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Telling Feminist Histories With Comics

Thursday, March 31, 2016
7–9pm

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How is telling feminist histories aided through the use of comix? How do comix as a medium support healing, processing and exploration? This exciting evening will feature a panel of five amazing comic artists, moderated by Our Comics, Ourselves Exhibition co-organizers, Jan Descartes and Monica McKelvey Johnson. Each artist, working with histories in different capacities, will present their work and will enter a moderated discussion regarding the power and importance of using comix to tell feminist histories, as opposed to other mediums and genres. This moderated discussion will be followed by a Q&A.

Elvis B.
Hazel Newlevant
Emily S. [a.k.a. Roxy]
Whit Taylor
Maggie Thrash

Moderators:
Jan Descartes & Monica McKelvey Johnson

This presentation is part of the programming for Our Comics, Ourselves: Identity, Expression, and Representation in Comic Art on view from January 21-April 17, 2016.

 

Panelist Bios:

Elvis B. is a brooklyn-based fellow who makes the “Homos in Herstory” zine series. They co-founded the NYC Feminist Zinefest, and have given talks about how cool zines are at many high schools & colleges.

Hazel Newlevant is a Portland-raised, Queens-residing cartoonist. She writes biographical and autobiographical comics about queerness, race, music, and being a woman. She is the creator of the comics If This Be Sin and No Ivy League, and the editor of Chainmail Bikini: The Anthology of Women Gamers. Her work has been honored with the Xeric Grant and the Prism Comics Queer Press Grant.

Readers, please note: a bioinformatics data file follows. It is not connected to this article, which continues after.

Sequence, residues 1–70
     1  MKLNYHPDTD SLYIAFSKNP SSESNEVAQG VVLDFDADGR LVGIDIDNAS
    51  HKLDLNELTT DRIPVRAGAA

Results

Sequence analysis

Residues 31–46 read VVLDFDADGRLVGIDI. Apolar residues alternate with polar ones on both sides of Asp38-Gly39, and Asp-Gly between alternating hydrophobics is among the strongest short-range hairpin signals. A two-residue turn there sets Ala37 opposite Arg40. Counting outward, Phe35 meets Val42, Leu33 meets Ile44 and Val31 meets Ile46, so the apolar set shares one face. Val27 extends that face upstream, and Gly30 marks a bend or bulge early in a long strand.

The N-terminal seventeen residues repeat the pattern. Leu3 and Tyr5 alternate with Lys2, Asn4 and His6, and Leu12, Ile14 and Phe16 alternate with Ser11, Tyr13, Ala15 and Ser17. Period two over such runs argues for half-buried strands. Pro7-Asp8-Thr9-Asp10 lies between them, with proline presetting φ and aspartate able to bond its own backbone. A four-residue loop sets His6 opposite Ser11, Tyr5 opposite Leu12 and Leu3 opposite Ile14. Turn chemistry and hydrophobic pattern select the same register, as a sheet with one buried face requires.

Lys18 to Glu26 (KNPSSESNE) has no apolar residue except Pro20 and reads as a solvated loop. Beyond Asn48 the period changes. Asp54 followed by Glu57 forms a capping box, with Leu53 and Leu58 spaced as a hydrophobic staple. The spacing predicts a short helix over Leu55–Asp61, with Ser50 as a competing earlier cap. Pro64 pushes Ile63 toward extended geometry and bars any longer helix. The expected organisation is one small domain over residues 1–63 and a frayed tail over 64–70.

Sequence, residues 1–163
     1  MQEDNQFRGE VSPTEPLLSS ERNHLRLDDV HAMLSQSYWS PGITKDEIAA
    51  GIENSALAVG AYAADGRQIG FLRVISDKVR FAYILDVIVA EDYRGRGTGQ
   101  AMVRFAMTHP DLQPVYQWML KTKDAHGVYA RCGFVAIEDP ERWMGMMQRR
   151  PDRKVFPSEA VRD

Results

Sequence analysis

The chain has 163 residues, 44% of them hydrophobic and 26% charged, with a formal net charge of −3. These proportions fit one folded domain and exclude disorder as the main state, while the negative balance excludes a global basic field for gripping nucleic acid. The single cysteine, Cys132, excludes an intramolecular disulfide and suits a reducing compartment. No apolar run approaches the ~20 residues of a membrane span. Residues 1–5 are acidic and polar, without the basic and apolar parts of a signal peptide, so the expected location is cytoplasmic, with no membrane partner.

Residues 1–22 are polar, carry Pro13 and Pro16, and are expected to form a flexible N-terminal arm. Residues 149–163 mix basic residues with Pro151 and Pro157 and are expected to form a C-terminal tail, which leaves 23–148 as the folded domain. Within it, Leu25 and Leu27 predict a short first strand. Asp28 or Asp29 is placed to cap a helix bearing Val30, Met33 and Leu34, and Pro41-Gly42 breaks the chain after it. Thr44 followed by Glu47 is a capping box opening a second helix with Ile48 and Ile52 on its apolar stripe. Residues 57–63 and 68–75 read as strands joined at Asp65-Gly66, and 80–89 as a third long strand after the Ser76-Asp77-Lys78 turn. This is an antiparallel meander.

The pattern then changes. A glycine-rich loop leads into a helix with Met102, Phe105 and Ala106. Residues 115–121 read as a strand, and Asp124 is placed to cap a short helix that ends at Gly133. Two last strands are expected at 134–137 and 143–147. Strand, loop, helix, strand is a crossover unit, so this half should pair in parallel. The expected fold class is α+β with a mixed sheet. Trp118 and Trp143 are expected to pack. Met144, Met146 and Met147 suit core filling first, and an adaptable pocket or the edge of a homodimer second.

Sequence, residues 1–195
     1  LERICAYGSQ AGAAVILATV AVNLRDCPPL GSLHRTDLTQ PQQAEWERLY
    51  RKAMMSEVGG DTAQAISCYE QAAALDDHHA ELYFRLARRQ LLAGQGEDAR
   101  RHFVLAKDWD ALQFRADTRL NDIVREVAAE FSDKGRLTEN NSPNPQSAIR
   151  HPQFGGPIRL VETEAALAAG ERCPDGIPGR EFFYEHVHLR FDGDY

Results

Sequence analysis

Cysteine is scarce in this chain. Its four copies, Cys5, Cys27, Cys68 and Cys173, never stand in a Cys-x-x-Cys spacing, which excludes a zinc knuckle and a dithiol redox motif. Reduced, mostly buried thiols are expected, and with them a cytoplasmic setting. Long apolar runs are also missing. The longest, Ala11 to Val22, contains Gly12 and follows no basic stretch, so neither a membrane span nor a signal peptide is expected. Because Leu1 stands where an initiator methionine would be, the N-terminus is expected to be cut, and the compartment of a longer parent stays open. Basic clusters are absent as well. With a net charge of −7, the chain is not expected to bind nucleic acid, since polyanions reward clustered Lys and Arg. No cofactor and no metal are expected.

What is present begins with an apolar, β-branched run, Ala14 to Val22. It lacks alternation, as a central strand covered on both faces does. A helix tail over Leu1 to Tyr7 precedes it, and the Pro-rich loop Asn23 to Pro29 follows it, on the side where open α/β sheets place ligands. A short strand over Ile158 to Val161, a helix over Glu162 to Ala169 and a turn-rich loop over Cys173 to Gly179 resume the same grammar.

Emily S (aka Roxy) is the co-creator of heartlandcomic currently a web comic where she spills all of her juicy awkward and sometimes painful tales of growing up in the heartland. Emily lives in Chicago.

Whit Taylor is a cartoonist, editor, and writer from New Jersey. She received a Glyph Award and two nominations for her autobiographical comics Watermelon (2012) and Boxes (2014), as well as an Ignatz nomination for her miniseries Madtown High (2013). Some of her latest works include The Anthropologists (Sparkplug Books), which was selected as a Notable Comic for Best American Comics 2015, Ghost (self-published), and SubCultures: A Comics Anthology (editor, Ninth Art Press). Whit has also written about small press comics for Panel Patter, The Comics Journal, The Tiny Report, Nat Brut, and Comics Workbook Magazine.
For more on Whit Taylor see http://www.whittaylorcomics.com/

Maggie Thrash is a staff writer for Rookie, a popular online magazine for teenage girls. Honor Girl is her first book. She lives in Delaware.

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